ANKARA – Turkey on Thursday slammed a group of Western countries that temporarily closed down their consulates in Istanbul over security concerns, accusing them of waging “psychological warfare” and attempting to wreck Turkey’s tourism industry.
Germany, the Netherlands and Britain were among countries that shut down their consulates in the city of around 16 million people this week. The German Embassy cited the risk of possible retaliatory attacks following Quran-burning incidents in some European countries. The United States and other countries issued travel warnings urging citizens to exercise vigilance.
Turkish Interior Minister Suleyman Soylu said the consulate closures and travel warnings were part of an alleged Western plot to prevent a rebound in Turkey’s tourism sector following the coronavirus pandemic.
“On a day when we declared our aim of (attracting) 60 million tourists, at a time when 51.5 million tourists arrived and we obtained $46 billion in tourism revenue, they were on the verge of starting a new psychological warfare (against) Turkey,” said Soylu, who is known for his anti-Western rhetoric.
Turkey’s Foreign Ministry summoned the ambassadors of nine countries -- the United States, the Netherlands, Switzerland, Sweden, Britain, Germany, Belgium, France and Italy -- and formally protested the security warnings and consulate closures, officials said.
The envoys were told that Turkey provides security to all diplomatic missions “on the basis of international conventions” and that their actions served what the ministry said was "terrorist organizations' sneaky agendas.”
The interior minister said Turkey had conducted as many as 60 operations against the Islamic State group so far this year and detained 95 people. Last year, close to 2,000 IS suspects were detained in more than 1,000 operations against the group, he said.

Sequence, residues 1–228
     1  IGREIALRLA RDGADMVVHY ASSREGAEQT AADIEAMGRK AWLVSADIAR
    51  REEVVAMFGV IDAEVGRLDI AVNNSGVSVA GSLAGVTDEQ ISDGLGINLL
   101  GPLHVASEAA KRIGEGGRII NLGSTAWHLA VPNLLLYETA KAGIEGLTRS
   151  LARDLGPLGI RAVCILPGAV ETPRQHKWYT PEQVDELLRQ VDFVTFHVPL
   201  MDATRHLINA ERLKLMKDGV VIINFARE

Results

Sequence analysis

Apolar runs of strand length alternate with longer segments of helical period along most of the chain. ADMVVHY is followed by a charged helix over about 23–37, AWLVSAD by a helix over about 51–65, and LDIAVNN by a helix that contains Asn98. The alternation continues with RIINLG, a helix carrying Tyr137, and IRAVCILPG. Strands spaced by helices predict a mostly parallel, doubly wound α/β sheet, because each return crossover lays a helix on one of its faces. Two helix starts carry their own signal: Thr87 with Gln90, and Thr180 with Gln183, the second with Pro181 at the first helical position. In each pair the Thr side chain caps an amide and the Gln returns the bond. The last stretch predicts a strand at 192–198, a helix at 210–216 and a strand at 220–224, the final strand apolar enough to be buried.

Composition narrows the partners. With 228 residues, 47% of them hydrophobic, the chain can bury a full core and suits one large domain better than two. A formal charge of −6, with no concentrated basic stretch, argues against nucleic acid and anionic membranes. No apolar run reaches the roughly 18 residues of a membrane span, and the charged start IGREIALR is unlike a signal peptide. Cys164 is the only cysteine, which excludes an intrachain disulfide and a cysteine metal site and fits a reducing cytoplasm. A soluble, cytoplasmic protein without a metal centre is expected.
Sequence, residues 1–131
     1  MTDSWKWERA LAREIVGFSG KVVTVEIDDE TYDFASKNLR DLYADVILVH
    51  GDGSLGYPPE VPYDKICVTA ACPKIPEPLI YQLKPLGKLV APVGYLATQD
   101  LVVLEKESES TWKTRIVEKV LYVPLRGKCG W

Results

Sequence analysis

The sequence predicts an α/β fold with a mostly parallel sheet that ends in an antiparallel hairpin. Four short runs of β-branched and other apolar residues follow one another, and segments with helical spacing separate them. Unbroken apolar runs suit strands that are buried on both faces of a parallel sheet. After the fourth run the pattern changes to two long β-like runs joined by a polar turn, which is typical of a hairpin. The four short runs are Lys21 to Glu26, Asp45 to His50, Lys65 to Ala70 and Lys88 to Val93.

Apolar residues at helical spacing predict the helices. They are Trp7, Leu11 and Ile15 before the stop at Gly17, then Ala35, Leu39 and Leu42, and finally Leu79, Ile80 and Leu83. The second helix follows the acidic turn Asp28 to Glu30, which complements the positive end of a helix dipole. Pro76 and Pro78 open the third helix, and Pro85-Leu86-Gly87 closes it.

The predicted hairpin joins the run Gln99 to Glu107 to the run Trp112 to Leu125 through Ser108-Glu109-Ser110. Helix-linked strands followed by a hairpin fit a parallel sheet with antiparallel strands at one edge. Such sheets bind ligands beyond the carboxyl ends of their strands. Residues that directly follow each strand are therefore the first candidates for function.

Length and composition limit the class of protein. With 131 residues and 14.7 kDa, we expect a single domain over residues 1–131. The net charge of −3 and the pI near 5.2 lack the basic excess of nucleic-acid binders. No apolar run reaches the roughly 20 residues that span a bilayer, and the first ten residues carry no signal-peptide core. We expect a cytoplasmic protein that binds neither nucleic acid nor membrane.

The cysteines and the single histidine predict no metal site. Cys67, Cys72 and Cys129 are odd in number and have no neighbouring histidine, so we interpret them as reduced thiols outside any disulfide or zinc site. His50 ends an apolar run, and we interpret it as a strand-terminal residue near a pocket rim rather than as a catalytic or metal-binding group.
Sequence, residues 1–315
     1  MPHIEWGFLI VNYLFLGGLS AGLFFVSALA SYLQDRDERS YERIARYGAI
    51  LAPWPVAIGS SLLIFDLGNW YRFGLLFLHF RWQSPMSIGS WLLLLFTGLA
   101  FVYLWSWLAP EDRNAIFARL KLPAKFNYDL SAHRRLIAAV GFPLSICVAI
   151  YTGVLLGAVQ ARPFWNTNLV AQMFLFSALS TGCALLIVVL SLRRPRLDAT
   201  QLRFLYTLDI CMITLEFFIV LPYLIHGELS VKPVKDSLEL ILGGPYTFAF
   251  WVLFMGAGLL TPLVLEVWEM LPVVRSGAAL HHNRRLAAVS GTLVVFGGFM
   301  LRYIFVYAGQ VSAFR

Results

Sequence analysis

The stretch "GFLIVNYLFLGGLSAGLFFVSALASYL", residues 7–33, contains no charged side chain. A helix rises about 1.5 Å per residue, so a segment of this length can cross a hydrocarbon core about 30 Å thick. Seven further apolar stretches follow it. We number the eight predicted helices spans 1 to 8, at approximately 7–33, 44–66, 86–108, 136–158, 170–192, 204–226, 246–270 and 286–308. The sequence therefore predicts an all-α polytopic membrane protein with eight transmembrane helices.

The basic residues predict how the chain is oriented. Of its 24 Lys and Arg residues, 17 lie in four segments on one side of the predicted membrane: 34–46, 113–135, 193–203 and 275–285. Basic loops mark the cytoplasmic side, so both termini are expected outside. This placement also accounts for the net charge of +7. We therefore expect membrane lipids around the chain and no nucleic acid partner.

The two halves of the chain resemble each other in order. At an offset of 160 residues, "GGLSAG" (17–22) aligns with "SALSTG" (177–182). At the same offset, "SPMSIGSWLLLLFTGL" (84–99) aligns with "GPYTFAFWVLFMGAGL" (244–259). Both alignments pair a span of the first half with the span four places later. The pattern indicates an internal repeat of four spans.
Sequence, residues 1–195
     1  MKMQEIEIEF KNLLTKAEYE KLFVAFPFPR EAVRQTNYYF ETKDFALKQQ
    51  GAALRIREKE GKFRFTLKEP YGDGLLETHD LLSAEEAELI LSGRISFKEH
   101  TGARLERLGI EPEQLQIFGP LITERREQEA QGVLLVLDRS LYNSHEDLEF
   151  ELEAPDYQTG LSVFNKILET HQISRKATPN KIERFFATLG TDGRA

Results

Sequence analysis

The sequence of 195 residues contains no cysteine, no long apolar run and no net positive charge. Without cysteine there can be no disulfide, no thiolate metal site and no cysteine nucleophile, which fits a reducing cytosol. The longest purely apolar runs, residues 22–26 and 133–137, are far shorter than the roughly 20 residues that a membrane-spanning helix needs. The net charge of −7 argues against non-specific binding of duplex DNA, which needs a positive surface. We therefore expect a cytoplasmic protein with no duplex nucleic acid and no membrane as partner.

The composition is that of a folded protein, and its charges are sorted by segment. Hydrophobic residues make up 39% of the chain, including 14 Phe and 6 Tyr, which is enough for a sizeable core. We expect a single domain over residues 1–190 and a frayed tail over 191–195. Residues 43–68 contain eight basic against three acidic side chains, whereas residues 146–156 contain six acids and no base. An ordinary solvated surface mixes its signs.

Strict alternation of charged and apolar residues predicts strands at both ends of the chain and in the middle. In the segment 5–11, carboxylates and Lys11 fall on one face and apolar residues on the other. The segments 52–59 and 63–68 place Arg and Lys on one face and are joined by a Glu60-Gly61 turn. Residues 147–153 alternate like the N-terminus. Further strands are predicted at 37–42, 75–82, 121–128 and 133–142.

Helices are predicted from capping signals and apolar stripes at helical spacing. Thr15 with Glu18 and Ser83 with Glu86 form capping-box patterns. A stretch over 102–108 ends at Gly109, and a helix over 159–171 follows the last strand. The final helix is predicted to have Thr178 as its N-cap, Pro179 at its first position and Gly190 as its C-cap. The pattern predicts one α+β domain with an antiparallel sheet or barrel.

Earlier this week, the Interior Ministry said Turkish authorities had detained a number of suspects following a warning from a “friendly country” but hadn't found any weapons, ammunition or sign of a planned act of violence.
In November, a bombing on Istanbul's bustling Istiklal Avenue, located in the heart of the city and near a number of foreign consulates, killed six people and wounded several others. Turkish authorities blamed the attack on Kurdish militants.
Last weekend, Turkey's Foreign Ministry issued a travel warning for European countries due to anti-Turkish demonstrations and what it described as Islamophobia. The warning followed demonstrations the week before outside the Turkish Embassy in Sweden, where an anti-Islam activist burned the Quran and pro-Kurdish groups protested against Turkey.
In a related development, Norway revoked a group's permission to stage a protest in Oslo on Friday that would have involved an attack on the Quran, Turkish Foreign Minister Mevlut Cavusoglu told reporters. Police in Oslo confirmed that the protest was canceled on grounds that security could not be ensured “in a satisfactory manner” at the event.
Earlier, Turkey summoned Norway's ambassador and told the envoy that the planned action would constitute a “hate crime” that should not be allowed.
A group called Stop Islamization of Norway had planned to burn the Quran outside the Turkish Embassy. The group’s leader, Lars Thorsen, told VG newspaper that he planned to carry out his protest “in the context of Turkey's intolerance of Western values of freedom.”
Recent demonstrations in Europe where activists desecrated Islam's holy book have infuriated Muslims in Turkey and elsewhere.
Jewish organizations in Denmark, Sweden and Norway issued a statement expressing concern about what they called the manifestation of “Islamophobic hate” in the Nordic region.
“Once again, racists and extremists are allowed to abuse democracy and freedom of speech in order to normalize hate against one of the religious minorities by burning the Quran,” they said.
Jan M. Olsen in Copenhagen, Denmark, contributed reporting.